ACM 95/100c Problem Set 1 Solutions
Lei Zhang
April 3, 2006
Each problem is worth 10 points  each part of a multipart problem is weighted equally
Problem 1
(Collaboration allowed) As a result of runoff from the surrounding land following a rainstorm, a large lake
of depth
h
receives a sudden influx of a soluble phosphate compound in its upper layers. The phosphate
then diffuses downward into the rest of the lake. Assuming that the phosphate concentration
c
is a function
of depth
z
(measured positively downward from the lake surface) and time
t
only, and that the rate at
which phosphate diffuses across any horizontal cross section is proportional to
∂c/∂z
, show that
c
satisfies
an equation of diffusion type. Check that the equation is dimensionally consistent. Explain why reasonable
additional conditions to be satisfied by
c
are
c
z
= 0 at
z
= 0 and
z
=
h
.
Solution 1
By the law of conservation of matter, we have:
rate of change of amount of phosphate =
phosphate diffuse across boundaries per unit time+
phosphate generated inside per unit time
(1)
Let
f
(
z, t
) be the amount of phosphate diffuses downward through the unit area of horizontal cross section
at
z
per unit time,
f
is proportional to the
∂c/∂z
, i.e., for constant k
f
=

k∂c/∂z
(2)
By the above conservation law (1), suppose
S
is the (constant) area of horizontal cross section, since there
is no phosphate generation or loss inside, we have
∂
∂t
(
c
(
z, t
)
S
Δ
z
)
≈
f
(
z, t
)
S

f
(
z
+ Δ
z, t
)
S
(3)
let
dz
→
0, we have
∂c
∂t
=
lim
Δ
z
→
0
f
(
z, t
)

f
(
z
+ Δ
z, t
)
Δ
z
(4)
=

∂f
∂z
(5)
=
k
∂
2
c
∂z
2
(6)
1
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i.e.
∂c
∂t
=
k
∂
2
c
∂z
2
(7)
check dimensional consistency: to be specific, consider the molarity concentration
c
of phosphate, which has
the dimension
mol
·
m

3
, dimension of left hand side of equation is
mol
·
m

3
·
s

1
.
k∂c/∂z
is the amount
of phosphate diffuses across unit area of horizontal cross section in unit time, has dimension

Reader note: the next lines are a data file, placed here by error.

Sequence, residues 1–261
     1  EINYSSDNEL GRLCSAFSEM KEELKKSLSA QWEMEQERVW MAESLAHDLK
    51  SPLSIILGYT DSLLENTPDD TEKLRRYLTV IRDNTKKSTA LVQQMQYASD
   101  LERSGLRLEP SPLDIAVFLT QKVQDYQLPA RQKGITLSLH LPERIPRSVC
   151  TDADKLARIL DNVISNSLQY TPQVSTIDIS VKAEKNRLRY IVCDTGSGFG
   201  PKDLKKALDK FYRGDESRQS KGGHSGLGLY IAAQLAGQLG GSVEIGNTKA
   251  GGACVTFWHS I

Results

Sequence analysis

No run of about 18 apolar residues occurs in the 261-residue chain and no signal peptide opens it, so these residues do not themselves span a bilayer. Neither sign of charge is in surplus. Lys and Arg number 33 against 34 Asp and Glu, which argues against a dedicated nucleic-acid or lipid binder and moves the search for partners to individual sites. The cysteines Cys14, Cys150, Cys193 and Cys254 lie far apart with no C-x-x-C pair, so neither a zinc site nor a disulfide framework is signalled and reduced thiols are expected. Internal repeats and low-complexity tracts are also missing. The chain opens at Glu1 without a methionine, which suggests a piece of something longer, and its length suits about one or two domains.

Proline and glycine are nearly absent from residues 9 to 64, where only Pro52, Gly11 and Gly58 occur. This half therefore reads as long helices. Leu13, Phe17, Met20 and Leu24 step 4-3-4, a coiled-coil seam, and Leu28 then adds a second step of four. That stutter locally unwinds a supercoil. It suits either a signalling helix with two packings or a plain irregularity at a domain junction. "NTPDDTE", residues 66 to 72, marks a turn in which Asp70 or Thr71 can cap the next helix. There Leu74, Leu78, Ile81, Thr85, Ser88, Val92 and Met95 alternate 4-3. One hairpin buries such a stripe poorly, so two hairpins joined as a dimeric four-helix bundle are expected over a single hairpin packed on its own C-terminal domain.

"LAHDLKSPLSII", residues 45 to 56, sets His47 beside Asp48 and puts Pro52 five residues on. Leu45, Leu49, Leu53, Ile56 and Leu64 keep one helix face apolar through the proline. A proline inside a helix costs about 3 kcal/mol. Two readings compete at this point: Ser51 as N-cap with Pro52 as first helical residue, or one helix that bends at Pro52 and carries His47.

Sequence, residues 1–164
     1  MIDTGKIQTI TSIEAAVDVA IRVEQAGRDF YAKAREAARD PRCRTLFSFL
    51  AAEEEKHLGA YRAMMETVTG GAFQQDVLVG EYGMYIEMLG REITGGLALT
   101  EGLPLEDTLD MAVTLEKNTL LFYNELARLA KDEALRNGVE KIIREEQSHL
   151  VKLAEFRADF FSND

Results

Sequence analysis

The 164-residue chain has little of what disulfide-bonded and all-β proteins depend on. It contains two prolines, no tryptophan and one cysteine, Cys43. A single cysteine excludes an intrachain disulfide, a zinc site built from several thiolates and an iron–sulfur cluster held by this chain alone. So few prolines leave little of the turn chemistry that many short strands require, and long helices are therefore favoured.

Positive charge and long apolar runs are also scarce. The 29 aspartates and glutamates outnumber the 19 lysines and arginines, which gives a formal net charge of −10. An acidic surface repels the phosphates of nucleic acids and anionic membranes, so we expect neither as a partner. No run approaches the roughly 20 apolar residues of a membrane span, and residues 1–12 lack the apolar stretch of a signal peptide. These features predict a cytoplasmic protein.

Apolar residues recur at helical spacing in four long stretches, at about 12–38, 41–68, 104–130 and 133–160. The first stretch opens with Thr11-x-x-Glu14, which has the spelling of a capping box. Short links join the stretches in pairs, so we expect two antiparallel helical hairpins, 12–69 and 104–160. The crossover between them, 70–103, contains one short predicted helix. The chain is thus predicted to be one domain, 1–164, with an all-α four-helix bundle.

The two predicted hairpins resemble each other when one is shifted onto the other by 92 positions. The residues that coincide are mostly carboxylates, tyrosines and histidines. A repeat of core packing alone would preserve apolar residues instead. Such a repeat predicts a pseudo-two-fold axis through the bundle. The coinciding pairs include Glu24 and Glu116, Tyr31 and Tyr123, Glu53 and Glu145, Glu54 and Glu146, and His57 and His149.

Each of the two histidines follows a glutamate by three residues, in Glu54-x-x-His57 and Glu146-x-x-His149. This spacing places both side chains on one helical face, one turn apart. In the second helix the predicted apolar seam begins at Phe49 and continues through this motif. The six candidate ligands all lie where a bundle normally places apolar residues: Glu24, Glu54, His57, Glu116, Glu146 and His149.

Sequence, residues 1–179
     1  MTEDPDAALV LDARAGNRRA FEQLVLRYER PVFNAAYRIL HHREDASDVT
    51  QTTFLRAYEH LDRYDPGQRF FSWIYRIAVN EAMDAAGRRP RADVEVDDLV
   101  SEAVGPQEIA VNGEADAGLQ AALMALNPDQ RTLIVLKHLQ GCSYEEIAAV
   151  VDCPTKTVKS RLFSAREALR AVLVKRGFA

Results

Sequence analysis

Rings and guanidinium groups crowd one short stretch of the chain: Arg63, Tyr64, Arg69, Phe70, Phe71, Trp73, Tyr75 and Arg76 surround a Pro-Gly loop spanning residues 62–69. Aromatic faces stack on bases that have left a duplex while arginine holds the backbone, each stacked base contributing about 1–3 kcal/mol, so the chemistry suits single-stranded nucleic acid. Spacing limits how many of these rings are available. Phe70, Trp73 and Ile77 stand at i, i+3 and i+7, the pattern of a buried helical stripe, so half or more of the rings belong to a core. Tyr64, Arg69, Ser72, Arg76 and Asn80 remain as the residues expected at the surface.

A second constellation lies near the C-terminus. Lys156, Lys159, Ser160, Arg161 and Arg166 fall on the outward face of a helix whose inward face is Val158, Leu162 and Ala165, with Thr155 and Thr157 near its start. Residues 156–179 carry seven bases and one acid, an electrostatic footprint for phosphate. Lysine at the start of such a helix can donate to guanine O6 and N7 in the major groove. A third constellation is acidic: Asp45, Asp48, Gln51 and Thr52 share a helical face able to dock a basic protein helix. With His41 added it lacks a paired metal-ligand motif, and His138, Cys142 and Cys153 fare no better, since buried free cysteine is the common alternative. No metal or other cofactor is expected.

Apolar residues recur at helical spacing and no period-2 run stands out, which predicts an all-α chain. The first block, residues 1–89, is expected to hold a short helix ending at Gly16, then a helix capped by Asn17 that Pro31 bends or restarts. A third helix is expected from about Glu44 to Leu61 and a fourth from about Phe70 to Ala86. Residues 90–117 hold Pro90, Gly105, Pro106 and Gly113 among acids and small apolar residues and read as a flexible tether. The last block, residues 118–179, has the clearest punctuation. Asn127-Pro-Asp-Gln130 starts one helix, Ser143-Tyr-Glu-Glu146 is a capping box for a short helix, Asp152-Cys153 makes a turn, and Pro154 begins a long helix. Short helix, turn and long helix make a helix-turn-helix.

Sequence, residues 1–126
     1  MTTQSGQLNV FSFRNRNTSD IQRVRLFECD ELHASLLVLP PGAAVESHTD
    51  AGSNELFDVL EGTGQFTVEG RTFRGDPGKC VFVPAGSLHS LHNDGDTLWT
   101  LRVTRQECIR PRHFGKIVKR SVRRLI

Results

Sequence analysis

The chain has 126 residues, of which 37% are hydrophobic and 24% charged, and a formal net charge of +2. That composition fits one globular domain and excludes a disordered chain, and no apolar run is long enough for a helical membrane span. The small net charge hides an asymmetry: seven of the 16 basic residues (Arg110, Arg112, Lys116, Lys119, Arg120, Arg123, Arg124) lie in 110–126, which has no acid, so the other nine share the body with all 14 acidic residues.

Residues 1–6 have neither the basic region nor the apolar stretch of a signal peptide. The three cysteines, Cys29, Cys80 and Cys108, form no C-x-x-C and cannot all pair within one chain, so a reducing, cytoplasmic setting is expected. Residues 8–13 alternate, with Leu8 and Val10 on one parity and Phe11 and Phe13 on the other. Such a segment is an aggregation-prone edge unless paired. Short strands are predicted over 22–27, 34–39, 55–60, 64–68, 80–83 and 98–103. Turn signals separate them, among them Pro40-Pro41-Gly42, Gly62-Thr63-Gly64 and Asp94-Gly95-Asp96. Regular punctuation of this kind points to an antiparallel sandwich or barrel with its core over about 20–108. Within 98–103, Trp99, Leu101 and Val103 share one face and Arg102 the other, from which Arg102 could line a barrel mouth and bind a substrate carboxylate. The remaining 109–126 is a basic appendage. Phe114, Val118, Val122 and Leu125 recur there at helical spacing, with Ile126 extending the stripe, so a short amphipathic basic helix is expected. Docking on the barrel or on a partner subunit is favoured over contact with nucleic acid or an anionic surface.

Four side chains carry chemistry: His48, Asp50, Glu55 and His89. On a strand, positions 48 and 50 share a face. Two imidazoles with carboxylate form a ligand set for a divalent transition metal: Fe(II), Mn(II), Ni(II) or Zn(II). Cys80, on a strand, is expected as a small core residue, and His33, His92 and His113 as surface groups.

mol
·
m

2
·
s

1
,
the dimension of right hand side is also
mol
·
m

3
·
s

1
.
Since no phosphate can go through the lake surface and lake bottom, at
z
= 0 and
z
=
h
, we have insulated
boundary condition, i.e.
c
z
= 0.
Note: If the area of horizontal cross section is
S
(
x
), and
k
=
k
(
z
), the equation will becomes
S
∂c
∂t
=
∂
∂z
kS
∂c
∂z
(8)
Problem 2
(Collaboration allowed) Modify the derivation leading to the heat equation,
T
t
=
a
2
T
xx
,
so that it is valid for diffusion in a nonhomogeneous medium for which the specific heat
c
and the conductivity
K
0
are functions of
x
and so that it is valid for a geometry in which the area
A
is also a function of
x
. Show
that in this case we get
cρAT
t
=
∂
∂x
K
0
A
∂T
∂x
¶
.
Solution 2
We follow the notation of the class notes.
Given the material’s “specific heat”
c
(
x
) =
c
(constant), the
material’s density
ρ
(
x
) =
ρ
(constant), the rod’s temperature
T
(
x, t
) and the rod’s crosssectional area
A
(
x
),
the total thermal energy inside the rod between
x
=
a
and
x
=
b
at time
t
is
Z
b
a
cρT
(
x, t
)
A
(
x
)
dx.
(9)
The amount of energy per unit time per unit area flowing to the right is given by
φ
(
x, t
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 Spring '09
 NilesA.Pierce
 Thermodynamics, boundary condition

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